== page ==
The Government published its Government Policy Statement on Housing and Urban Development (GPS-HUD) earlier this week, ahead of the 1 October deadline.  

The GPS-HUD is a multi-decade system strategy for housing and urban development. Its vision is, Everyone in Aotearoa New Zealand lives in a home and within a community that meets their needs and aspirations. 

The GPS-HUD has six focus areas: 

  • Ensure more affordable homes are built

  • Ensure houses meet needs

  • Enable people into stable, affordable homes

  • Support whānau to have safe, healthy affordable homes with secure tenure

  • Re-establish housing’s primary role as a home rather than a financial asset 

  • Plan and invest in our places. 

The GPS-HUD will be administered by the Ministry of Housing and Urban Development and it can be accessed here. 

The Government has also released the new Maihi Ka Ora the National Māori Housing Strategy, which is strongly connected to the GPS-HUD through Te Maihi o te Whare Māori – the Māori Housing Innovation Framework for Action. 

Infrastructure New Zealand made a submission on the discussion document for the GPS-HUD in July raising several concerns such as:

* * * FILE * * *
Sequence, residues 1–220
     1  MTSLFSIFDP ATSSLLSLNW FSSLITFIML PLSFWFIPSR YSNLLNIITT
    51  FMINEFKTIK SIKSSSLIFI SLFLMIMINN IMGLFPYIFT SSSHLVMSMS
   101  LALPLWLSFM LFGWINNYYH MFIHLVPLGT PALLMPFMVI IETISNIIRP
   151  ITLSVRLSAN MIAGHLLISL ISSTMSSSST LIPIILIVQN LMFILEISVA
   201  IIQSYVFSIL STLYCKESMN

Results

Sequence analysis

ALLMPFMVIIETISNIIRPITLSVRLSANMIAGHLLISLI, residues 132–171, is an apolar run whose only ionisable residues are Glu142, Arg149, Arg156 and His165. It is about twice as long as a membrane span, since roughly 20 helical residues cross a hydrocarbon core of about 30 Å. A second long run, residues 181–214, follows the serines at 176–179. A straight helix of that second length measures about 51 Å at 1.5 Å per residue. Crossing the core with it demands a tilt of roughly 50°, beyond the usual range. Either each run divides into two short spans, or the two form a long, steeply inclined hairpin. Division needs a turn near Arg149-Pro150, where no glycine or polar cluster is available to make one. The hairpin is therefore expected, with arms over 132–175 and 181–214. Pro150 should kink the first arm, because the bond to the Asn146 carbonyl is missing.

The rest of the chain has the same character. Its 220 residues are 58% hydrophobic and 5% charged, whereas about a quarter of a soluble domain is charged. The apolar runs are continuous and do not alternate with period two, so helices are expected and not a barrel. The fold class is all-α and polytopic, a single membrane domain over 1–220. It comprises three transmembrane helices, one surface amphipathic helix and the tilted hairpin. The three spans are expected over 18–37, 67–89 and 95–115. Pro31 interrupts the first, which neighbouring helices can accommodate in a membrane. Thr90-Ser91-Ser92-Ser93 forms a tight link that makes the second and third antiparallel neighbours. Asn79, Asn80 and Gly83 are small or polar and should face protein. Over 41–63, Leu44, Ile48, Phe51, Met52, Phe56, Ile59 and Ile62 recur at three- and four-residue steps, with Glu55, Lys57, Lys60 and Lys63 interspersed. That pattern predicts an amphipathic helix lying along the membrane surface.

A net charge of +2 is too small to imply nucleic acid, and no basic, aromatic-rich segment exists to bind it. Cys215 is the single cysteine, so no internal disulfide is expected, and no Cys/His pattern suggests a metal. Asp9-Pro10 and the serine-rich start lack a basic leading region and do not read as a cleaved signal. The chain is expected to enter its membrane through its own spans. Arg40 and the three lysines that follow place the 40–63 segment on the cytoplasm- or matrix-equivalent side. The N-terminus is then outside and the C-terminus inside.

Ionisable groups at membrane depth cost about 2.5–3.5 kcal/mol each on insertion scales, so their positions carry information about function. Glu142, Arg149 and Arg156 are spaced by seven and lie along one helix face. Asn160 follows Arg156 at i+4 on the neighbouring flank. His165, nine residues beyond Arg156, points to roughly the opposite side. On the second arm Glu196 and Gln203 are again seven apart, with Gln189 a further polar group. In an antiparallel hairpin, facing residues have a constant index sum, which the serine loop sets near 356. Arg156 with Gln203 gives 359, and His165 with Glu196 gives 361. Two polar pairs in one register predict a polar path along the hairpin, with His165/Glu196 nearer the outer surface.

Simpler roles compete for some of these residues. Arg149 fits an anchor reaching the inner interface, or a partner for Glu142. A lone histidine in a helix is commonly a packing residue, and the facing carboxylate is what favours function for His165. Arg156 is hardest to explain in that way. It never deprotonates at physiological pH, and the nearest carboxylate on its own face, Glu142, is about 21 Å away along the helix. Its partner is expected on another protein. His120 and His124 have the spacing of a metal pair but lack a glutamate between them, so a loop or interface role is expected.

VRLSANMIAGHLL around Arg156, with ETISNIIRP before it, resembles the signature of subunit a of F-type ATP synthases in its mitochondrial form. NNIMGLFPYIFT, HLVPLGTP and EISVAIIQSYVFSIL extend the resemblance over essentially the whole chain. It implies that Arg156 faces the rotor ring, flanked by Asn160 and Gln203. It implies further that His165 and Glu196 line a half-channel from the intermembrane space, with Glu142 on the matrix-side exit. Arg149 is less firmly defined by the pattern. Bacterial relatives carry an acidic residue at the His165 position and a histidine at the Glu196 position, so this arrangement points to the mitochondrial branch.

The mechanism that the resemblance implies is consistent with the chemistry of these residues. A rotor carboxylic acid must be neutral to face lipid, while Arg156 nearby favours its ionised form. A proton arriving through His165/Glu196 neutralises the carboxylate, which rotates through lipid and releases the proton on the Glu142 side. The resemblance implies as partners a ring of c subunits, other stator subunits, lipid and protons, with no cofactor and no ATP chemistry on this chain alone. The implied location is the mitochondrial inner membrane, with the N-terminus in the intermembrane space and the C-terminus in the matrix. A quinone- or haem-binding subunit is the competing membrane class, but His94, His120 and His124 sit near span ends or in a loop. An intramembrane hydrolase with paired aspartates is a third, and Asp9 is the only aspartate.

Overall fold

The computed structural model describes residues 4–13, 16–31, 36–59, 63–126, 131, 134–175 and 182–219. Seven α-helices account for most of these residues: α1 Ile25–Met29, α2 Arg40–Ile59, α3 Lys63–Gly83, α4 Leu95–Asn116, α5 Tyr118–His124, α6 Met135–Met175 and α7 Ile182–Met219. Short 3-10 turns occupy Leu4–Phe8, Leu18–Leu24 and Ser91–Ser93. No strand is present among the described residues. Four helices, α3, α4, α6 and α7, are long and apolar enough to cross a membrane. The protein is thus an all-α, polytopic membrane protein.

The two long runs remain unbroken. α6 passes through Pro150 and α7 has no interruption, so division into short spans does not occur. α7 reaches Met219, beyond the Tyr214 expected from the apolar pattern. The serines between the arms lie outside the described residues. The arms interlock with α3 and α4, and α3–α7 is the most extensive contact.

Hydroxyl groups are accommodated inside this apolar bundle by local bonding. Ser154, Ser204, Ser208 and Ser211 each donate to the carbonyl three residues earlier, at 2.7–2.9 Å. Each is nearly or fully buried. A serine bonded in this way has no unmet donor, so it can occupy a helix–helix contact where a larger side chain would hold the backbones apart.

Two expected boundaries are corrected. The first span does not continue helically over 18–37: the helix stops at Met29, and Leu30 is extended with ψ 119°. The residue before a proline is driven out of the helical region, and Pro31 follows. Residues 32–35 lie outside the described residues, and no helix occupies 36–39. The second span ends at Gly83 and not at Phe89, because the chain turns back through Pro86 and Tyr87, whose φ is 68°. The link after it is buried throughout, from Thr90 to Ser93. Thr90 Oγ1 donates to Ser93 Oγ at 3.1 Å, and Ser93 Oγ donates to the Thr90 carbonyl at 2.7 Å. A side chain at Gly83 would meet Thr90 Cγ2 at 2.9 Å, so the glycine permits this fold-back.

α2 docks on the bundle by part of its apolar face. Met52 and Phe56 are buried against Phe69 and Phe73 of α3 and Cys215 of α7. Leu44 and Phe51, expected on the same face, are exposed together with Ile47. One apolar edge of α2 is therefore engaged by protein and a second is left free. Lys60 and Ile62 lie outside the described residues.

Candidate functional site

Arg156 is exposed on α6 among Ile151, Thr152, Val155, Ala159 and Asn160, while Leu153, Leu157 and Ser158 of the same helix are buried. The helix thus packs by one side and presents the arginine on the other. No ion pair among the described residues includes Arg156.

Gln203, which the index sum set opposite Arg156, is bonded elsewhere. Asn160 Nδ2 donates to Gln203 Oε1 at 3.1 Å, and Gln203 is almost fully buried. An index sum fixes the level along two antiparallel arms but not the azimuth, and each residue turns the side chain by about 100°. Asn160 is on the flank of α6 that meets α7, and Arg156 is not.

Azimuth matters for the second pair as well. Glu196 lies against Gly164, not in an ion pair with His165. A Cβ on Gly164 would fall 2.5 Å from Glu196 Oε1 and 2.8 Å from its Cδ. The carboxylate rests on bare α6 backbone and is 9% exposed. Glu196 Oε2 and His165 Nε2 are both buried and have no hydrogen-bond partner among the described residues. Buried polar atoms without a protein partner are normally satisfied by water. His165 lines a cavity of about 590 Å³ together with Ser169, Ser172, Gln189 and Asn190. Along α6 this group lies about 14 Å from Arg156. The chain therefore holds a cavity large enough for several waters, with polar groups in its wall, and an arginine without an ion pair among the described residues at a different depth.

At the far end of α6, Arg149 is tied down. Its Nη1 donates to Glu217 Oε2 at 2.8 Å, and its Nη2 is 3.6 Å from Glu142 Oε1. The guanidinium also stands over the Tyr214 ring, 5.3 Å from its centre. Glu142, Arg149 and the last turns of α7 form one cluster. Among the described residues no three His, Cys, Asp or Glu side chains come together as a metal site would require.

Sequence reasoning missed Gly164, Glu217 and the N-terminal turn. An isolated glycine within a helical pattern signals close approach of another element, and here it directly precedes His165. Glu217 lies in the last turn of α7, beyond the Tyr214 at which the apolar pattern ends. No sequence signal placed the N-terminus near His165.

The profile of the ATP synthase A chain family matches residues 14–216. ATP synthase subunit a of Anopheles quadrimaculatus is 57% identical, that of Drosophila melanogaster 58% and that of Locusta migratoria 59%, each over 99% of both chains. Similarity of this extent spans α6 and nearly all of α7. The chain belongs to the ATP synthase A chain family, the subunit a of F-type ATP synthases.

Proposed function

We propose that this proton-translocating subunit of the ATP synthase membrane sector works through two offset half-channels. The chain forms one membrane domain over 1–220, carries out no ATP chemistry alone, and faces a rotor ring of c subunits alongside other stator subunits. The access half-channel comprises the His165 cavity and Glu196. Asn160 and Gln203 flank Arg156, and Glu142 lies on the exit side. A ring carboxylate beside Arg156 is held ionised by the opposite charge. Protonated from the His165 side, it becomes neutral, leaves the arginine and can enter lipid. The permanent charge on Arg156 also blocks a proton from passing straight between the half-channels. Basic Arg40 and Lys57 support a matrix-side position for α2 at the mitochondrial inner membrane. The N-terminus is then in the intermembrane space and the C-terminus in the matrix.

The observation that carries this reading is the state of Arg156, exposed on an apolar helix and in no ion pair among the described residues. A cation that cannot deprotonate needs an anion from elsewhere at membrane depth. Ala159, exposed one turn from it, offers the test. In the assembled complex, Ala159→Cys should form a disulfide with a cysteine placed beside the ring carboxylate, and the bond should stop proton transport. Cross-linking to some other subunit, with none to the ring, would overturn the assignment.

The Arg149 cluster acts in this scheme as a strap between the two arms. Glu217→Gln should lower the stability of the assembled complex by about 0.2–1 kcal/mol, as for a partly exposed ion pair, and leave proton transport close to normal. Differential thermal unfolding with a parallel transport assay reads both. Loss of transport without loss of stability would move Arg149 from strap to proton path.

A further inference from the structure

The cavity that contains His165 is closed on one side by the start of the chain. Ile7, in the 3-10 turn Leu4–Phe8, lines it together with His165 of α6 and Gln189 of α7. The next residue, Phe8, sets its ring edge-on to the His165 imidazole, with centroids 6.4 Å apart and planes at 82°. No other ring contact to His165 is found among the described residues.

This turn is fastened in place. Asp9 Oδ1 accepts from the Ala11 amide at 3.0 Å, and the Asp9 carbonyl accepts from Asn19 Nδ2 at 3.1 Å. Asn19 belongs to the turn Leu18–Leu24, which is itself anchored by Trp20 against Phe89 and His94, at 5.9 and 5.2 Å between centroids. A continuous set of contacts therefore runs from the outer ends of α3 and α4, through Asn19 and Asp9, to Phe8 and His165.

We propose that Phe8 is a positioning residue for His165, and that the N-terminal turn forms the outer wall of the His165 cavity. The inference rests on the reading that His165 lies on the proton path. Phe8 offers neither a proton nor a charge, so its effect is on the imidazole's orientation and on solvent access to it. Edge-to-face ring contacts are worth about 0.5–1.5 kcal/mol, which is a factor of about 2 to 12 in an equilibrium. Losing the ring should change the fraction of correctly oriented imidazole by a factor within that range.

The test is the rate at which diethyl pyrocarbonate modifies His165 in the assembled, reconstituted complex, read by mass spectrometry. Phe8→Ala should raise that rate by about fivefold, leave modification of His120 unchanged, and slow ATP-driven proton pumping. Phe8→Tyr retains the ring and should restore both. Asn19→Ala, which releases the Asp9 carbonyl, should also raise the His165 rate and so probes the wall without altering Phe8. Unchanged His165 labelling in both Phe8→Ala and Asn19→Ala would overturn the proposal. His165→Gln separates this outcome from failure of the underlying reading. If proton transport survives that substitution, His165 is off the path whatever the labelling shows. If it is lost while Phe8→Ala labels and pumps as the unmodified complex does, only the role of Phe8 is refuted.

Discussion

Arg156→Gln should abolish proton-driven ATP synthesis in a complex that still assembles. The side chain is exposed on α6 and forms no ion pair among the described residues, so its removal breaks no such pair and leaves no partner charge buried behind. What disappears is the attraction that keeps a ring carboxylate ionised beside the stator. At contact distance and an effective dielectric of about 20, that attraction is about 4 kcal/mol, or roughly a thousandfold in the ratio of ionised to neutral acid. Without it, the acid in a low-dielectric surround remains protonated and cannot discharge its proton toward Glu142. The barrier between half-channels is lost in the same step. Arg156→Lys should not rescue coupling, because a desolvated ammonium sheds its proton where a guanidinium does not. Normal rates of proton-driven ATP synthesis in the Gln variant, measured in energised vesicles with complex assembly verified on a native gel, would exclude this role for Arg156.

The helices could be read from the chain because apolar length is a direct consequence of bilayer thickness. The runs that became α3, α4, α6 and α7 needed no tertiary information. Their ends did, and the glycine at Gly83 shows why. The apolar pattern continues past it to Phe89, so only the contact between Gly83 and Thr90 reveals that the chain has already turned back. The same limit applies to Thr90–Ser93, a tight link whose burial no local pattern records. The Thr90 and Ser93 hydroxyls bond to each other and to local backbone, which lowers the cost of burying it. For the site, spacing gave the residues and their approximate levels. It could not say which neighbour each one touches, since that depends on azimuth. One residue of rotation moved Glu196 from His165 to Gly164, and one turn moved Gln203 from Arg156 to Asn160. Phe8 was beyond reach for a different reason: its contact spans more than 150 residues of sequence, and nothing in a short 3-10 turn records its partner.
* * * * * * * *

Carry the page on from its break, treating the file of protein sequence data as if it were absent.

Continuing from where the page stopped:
• discussions being on housing for all New Zealanders but the primary focus actually being on housing in the urban environment, thus requiring a vision that reflects this focus 

  • the lack of a definition of affordable housing and the absence of the housing continuum 

  • the need to recognise and acknowledge New Zealand’s infrastructure deficit 

  • the need to have regard for the perquisite infrastructure greenfield developments will need in order for those communities to be thriving and inclusive 

  • local government disproportionately burdened with achieving the aspirations of the GPS-HUD and the Government’s roles and responsibilities mainly limited to setting the rules and direction 

  • the need for an implementation plan and monitoring framework to be published alongside the GPS-HUD. 

We are not satisfied the published GPS-HUD adequately addresses our concerns. Our full submission can be accessed here.